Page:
12 August 2008

Variance in Olympic events

It's often claimed that the reason that there are many more men than women in certain academic disciplines (mathematics is one, but that's not the point of this post) is not that men and women have different mean abilities, but rather that the standard deviation of male ability is larger than the standard deviation of female ability. (Of course, it is unwise to espouse these views publicly, for political reasons; that's what got Larry Summers in a lot of trouble.)

It occurs to me, having watched lots of the Olympics in the last few days, that something similar might be true in athletic events. I'm not claiming that men and women are physically identical (I'm not blind), or that their average performance in physical feats is the same. But it may be the case that the difference between the very best men and the very best women in physical feats (say, times in some sort of race, because these are the most easily quantified) is larger than the difference between the average man and the average woman, because there could be more variance among men than women.

Is there any evidence for this? I'm obviously not a student of this sort of thing (in fact, I don't even know what "this sort of thing" is called, although it's clearly some subfield of biology or medicine).

Oh, and Jordan Ellenberg wrote an explanation of why the new gymnastics scoring system is good. I'm glad he did, because I'd had a feeling it was better than the old system but was having trouble articulating why.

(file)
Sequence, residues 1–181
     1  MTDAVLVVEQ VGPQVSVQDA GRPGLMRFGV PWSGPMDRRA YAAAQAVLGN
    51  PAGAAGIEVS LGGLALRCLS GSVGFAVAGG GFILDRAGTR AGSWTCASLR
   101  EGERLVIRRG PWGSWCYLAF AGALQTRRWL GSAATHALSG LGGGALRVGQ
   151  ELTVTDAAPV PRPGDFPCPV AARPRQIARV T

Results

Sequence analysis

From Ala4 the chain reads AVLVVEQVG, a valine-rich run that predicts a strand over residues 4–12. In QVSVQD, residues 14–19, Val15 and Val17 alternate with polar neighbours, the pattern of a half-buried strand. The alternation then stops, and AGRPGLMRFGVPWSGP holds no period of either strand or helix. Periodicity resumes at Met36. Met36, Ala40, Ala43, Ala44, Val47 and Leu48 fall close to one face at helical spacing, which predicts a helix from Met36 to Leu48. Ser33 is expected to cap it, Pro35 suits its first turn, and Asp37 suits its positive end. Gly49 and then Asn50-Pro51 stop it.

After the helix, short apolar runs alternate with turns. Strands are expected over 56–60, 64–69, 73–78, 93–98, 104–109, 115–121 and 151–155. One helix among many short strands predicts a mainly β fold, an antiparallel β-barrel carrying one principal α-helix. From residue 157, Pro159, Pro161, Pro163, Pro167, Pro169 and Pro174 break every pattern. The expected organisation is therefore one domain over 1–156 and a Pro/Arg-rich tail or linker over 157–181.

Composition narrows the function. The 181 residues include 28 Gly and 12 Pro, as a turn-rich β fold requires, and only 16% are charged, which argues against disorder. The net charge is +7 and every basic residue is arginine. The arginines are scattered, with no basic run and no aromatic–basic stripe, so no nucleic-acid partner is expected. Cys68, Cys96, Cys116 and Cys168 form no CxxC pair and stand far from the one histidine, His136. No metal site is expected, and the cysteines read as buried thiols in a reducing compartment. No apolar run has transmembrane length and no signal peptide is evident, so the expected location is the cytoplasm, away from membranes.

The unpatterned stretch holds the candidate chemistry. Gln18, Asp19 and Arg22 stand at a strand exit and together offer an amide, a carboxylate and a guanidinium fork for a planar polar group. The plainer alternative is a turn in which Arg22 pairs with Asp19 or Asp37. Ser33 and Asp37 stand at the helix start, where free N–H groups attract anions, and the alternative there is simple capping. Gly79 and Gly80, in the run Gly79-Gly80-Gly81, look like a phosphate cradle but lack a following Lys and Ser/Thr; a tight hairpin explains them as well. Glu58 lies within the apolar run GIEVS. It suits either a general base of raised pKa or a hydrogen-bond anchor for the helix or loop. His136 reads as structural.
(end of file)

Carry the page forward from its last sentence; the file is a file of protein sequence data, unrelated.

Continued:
10 comments:

Anonymous said...

A difference in variance between sexes could also be more perceived than real: if a greater percentage of men can pursue athletics, then we can encounter more impressive outliers among them.

Yes, the new scoring system seems to make more sense.

unapologetic said...

Actually the first place I ever heard of differing variances was to explain racial disparities in physical performance.

MikeWebkist said...

I don't even know what "this sort of thing" is called, although it's clearly some subfield of biology or medicine

I think you're looking for Kinesiology.

John said...

I wrote a post this afternoon to explore your question assuming male and female performance are normally distributed.

Variation in male and female Olympic performance.

Loz said...

I've read that female hips are slightly less efficient for running than male hips. No idea how it's measured or whether there's anything to concrete back it up. If it's true it might suggest different means.

Blake Stacey said...

It's not even a well-established claim with regard to academic or mathematical performance. Setting aside a whole host of other problems, which gender has the larger variance changes from country to country.

Anonymous said...

I do wish people would stop with the myth that Larry Summers' main problem was that he once espoused an unpopular political view. While that's a convenient version of the history for many with an axe to grind, the truth of it was he was just a bad manager and leader, and this incident (one in a long series) provided an excuse for all his detractors to call him out.

Blake Stacey said...